Staff pick books for November include a range of resources related to restorative and transformative justice, a holistic approach to harm that focuses on accountability and seeks to address the conditions that lead to violence, including the needs of the victim, offender, and community, rather than applying punitive measures including incarceration that enact further violence and harm on individuals and communities. Particular titles provide support for educators implementing restorative justice programs in their schools. Other resources give background on criminalization, exploring group-differentiated vulnerability to carceral regimes, and arguing for solutions to harm that address root causes. Schools are often complicit in criminalization, thus educators who wish to dismantle the carceral system must actively work against the school-to-prison pipeline and administrative tendencies to pathologize marginalized students. These books can serve as supportive resources for all individuals interested in adequately addressing harm and working toward a world without prisons. There are interventions to be made in all settings to transform the way we react to conflict and harm. I hope this collection inspires others to combat criminalization in their communities and support those affected by the carceral system, to try what Mariame Kaba proposes "a million experiments."
S. Lambel provides examples of such experiments:
"Abolitionist alternatives...include restorative/ transformative justice initiatives, community-based restitution projects, social and economic support networks, affordable housing, community education projects, youth-led recreational programs, free accessible healthcare services, empowerment-based mental health, addiction and harm reduction programs, quality employment opportunities, anti-poverty measures, and support for self-determination struggles"
in Captive Genders: Trans Embodiment and the Prison Industrial Complex, included in this collection (p. 254).
These book are on display in the 2nd floor reading room of the library, available for checkout. Some are only available as ebooks, and can be accessed directly from the links below.
This great collection of writing including how disability is criminalized in schools and invites a radical rethinking of educational response to disability.
Collection of essays, including writing by previously incarcerated individuals, on experiences with and ways to combat the school-to-prison pipeline.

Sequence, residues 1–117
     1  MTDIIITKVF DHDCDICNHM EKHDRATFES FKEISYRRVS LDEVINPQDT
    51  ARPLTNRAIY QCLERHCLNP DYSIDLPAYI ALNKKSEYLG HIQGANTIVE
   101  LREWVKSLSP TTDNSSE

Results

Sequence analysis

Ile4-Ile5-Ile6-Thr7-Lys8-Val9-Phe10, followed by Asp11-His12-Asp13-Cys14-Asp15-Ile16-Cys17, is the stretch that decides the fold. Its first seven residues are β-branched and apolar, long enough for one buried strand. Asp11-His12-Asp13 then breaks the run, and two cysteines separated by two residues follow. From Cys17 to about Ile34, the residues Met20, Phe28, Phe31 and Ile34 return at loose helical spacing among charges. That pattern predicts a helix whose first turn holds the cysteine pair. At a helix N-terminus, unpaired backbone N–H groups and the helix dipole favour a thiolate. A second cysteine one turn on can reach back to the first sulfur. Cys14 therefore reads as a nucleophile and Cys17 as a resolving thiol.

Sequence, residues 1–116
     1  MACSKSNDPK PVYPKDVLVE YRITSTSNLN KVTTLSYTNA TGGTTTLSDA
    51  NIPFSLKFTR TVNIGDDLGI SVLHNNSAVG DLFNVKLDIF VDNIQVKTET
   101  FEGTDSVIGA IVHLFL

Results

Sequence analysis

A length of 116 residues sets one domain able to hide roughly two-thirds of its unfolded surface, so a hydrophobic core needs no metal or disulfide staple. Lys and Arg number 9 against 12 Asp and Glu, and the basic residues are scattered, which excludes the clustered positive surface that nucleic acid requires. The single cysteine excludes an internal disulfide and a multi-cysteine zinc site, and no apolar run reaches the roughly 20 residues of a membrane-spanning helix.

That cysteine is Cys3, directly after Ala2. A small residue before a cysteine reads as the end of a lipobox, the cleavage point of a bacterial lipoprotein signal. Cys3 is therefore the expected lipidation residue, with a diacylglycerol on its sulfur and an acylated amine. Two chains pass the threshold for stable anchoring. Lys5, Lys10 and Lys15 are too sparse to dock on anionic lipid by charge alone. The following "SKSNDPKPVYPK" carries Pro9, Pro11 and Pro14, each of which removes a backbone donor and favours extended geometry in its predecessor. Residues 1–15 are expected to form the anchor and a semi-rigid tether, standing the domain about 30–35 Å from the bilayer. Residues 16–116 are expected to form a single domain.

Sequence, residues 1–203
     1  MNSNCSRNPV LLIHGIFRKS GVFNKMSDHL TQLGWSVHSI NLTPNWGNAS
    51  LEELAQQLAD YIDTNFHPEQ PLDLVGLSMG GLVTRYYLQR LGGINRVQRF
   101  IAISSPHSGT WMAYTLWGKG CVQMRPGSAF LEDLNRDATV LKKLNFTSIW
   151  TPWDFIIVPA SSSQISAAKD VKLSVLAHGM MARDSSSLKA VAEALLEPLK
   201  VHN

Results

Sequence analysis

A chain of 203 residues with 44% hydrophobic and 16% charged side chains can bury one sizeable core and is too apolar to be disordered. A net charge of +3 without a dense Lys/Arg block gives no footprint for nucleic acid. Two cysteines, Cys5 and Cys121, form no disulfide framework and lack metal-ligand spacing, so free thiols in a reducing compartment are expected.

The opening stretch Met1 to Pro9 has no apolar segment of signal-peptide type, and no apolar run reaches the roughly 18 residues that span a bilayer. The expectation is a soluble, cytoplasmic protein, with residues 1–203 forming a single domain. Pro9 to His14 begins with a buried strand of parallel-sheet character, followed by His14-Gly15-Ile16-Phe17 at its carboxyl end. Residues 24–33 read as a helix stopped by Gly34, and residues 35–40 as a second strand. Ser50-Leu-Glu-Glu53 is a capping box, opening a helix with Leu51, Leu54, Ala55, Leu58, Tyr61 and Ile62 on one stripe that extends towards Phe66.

Explains the failures of the criminal justice system to end violence against women of color, and explores antiviolence projects and movements by women of color from around the world.
This book explores the funneling of youth of color into the prison system as early as preschool, and how educational practices normalize such racialized incarceration.
A classic in the prison abolition movement, Angela Davis gives a history of the prison system and a convincing argument for its termination in this short, easy to read and engaging book.
Examines state violence against queer and trans people outside and inside prison walls, including a range of voices, many of whom have been incarcerated.
Practical guide for implementing restorative processes in schools, including examples.
Author explains her work with incarcerated girls through the "Girl Time" theater program, examining the impacts of youth incarceration.
Variety of authors offer practical support for doing transformative justice, including providing alternatives to calling the police and guides for supporting someone going through a mental health crisis.
Handbook for using restorative justice in schools, including guides for healing circles and skill building practices for facilitators.
Discusses a range of ideas about what justice does and could mean in education, incorporating scholars from a wide range of disciplines including indigenous studies, critical disability studies and queer studies.
Includes activities and examples, and provides guidance for creating a just learning environment and building relationships, which are needed to adequately address conflict.
Examines disability and difference, and intersections of race, class, gender and disability, exploring how inequity and exclusion manifest in schools and society.
Explores histories of restorative justice and philosophical considerations, cautioning against its potential to be used as a punitive measure if appropriated.
A seminal book on the restorative justice movement, this handbook serves as a great foundation with useful principles and practices.